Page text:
There was a strong person centred and caring culture in the home. Person centred means that care is tailored to meet the needs and aspirations of each person, as an individual. People were supported to lead interesting lives of their choosing, and had a variety of interests, hobbies and were part of the local community.

We saw that people were being treated with dignity, respect and care. There were affectionate and caring relationships between the care staff in the home and the people who lived there. We also saw that other members of the family interacted well with people in the home.

People were encouraged to be as independent as possible. There was no restriction on when people could visit the home. People were able to see their friends and families when they wanted.

People’s individual care files contained good assessments of support needs and risk assessments. The care plans were detailed and focussed on each individuals needs and how staff met these and these were regularly reviewed and were up to date.

The staff knew how people communicated and gave people the time they needed to make choices about their lives and to communicate their decisions.

Records showed that systems for recording and managing complaints, safeguarding concerns and incidents and accidents were very well managed and organised.

Staff were experienced in the care of people with learning disability and they kept their practice up to date by attending regular training. The senior support worker had established good local networks with other providers for sharing good practice.

The provider was aware of her responsibilities under the Mental Capacity Act 2005. We made a recommendation that the home looks in more depth about people’s capacity to make decisions and how best to record this.

People in the home had regular access to health care. There was evidence of good measures in place to prevent ill health. People received their medications in a sa

Inspection carried out on 17th January 2015

During a routine inspection

This unannounced inspection took place on Saturday 17th January 2015 and was conducted by one adult social care inspector.

Springfield House was a family home set in a rural location. This farmhouse had been adapted and extended to provide accommodation for up to three people living with a learning disability. The provider's family also lived in the house.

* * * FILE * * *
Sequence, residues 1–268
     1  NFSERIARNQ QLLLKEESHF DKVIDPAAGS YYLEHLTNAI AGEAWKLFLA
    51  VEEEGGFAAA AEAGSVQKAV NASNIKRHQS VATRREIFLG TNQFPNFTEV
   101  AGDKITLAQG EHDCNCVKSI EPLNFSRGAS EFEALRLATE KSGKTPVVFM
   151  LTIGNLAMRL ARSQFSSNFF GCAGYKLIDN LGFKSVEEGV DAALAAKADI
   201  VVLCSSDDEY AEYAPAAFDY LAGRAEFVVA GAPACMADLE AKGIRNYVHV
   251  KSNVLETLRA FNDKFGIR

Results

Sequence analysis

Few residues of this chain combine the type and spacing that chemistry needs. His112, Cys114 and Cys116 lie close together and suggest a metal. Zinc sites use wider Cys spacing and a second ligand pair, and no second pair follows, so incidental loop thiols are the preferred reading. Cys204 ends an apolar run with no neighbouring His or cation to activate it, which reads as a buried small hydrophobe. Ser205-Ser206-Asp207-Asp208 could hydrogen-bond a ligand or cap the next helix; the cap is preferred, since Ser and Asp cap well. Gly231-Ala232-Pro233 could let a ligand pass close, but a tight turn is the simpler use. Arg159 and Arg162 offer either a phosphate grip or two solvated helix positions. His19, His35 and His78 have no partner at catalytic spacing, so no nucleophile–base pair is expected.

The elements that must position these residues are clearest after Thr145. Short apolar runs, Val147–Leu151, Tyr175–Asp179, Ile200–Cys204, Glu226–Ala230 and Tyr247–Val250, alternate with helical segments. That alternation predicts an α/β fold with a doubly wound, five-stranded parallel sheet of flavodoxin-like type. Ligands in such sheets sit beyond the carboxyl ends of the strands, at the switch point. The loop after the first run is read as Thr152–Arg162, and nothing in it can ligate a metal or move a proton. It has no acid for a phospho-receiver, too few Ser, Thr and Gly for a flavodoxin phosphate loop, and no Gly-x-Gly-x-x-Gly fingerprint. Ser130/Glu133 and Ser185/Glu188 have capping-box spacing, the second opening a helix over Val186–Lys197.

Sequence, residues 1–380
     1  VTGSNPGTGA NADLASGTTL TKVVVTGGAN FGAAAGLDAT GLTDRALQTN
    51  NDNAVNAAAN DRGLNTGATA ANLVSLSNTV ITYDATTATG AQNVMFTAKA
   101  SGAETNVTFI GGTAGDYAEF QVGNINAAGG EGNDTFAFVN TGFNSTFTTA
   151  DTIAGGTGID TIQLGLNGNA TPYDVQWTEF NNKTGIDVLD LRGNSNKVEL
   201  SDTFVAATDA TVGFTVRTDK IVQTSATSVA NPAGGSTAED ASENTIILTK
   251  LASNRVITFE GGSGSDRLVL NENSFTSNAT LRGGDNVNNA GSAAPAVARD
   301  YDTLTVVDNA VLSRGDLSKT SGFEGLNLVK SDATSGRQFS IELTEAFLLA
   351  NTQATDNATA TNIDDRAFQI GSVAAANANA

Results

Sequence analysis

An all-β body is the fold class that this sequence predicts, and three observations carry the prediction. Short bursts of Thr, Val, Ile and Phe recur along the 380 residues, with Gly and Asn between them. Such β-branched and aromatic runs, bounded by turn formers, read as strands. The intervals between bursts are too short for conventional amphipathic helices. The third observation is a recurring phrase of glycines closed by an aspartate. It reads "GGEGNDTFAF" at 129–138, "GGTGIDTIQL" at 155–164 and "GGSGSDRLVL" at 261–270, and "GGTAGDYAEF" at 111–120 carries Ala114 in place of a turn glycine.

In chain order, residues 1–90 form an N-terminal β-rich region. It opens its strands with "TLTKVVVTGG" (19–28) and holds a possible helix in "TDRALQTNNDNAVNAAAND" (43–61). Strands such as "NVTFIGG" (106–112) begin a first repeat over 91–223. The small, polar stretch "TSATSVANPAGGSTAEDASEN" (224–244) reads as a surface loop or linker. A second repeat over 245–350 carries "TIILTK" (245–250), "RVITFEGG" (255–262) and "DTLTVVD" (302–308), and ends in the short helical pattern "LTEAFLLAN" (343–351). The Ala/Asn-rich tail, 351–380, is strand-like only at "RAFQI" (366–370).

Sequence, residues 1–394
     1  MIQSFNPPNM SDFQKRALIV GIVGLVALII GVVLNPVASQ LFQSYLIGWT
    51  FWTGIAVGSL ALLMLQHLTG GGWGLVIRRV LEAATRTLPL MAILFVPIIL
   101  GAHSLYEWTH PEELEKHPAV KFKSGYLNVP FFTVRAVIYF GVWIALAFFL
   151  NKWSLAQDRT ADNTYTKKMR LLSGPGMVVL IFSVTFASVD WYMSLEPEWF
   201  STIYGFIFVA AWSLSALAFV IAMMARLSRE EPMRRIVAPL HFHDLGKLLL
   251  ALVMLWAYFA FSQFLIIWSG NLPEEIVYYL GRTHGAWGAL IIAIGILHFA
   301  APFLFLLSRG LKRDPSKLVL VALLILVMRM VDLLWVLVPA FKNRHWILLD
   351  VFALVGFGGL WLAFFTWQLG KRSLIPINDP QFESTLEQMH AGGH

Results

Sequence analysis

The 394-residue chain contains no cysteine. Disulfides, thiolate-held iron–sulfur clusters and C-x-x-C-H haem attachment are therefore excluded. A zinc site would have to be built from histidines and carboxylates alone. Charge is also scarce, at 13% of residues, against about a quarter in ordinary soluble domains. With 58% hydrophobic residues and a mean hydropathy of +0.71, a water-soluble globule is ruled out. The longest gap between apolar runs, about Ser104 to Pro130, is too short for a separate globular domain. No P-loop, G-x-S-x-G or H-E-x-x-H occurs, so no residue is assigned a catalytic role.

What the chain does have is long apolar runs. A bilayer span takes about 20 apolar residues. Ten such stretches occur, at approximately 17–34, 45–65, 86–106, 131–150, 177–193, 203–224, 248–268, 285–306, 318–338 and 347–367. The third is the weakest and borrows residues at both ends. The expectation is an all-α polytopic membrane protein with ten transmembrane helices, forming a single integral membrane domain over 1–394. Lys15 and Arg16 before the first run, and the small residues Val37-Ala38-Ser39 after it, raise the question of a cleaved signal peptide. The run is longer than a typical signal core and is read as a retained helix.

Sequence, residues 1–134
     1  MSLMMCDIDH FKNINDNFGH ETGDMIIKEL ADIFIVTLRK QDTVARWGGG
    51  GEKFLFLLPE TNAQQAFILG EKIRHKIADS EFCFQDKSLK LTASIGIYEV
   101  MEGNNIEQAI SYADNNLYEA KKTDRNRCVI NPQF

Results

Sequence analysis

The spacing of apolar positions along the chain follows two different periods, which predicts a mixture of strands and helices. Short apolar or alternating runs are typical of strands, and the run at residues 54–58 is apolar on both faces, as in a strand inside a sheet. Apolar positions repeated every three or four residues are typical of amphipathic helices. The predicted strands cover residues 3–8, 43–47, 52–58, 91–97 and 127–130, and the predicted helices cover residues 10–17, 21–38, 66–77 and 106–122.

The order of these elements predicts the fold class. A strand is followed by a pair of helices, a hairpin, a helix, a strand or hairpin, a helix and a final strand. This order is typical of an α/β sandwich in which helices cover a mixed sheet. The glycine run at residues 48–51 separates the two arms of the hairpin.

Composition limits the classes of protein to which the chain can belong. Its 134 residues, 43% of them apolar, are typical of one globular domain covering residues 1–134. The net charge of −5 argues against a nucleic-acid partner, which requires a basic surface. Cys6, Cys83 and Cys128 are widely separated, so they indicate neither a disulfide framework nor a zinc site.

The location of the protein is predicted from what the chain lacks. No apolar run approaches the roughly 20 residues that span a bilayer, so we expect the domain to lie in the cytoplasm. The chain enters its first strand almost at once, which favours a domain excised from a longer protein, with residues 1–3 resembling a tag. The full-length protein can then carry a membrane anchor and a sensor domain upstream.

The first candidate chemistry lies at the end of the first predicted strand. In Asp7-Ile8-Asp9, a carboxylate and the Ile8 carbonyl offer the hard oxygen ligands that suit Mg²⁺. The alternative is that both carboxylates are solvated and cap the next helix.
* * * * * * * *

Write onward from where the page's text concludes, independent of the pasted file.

Each person had their own room and there was a separate lounge area and residents' bathroom and toilet. The house had an extensive garden. It was in a rural location between Wigton and Silloth with little access to public transport but the provider had assisted transport so that people could go out every day if they wished.

The provider, Mrs Margaret Blair, was also the manager of the home. She ran the home with the assistance of her daughter-in-law. They both lived in the house with other members of their immediate family. One other person assisted them from time to time and they had a volunteer who helped with some of the domestic tasks.

This service was safe because it had suitable systems in place to ensure that people were protected from harm and abuse. The care team in the home were suitably trained and had information to allow them to report any allegations of abuse.

We judged the house to be safe and secure with suitable adaptations to meet the needs of the three individuals we met on the day of our inspection visit. There had been no accidents or incidents reported for some years.

All the members of the care team had been in post for more than ten years and there was no planned new recruitment. We looked at dependency levels and we judged that the provider and her daughter-in-law were able to provide suitable levels of care.

We checked on medicines. We saw that only two people took medication and that this was kept to a minimum by the local GP. No one was on strong medicine and no one had any form of sedation.

The house was clean and hygienic and there had been no outbreaks of infectious disease. Suitable systems were in place to control infection.

We judged that the dependency levels of the three people in the house were met by the arrangements in place for staffing. The provider and her daughter-in-law lived in the property and were around by day and night. Both of these people and the other person who delivered care were experienced in the care of people with learning disability and they kept their practice up to date by attending regular training.

The provider was aware of her responsibilities under the Mental Capacity Act 2005. No one in the home was deprived of their liberty. The provider was careful about the assessment of new people and did not accommodate anyone who needed help with behavioural issues. The home did not use restraint.

People in the home had regular access to health care. They went out to health appointments and no one had any problems with their health. There was evidence of good measures in place to prevent ill health.

No one in the home had any problems with maintaining a normal weight. People could tell us they enjoyed their food and liked to go out to eat. People were weighed regularly so that the provider could ensure no one was losing weight.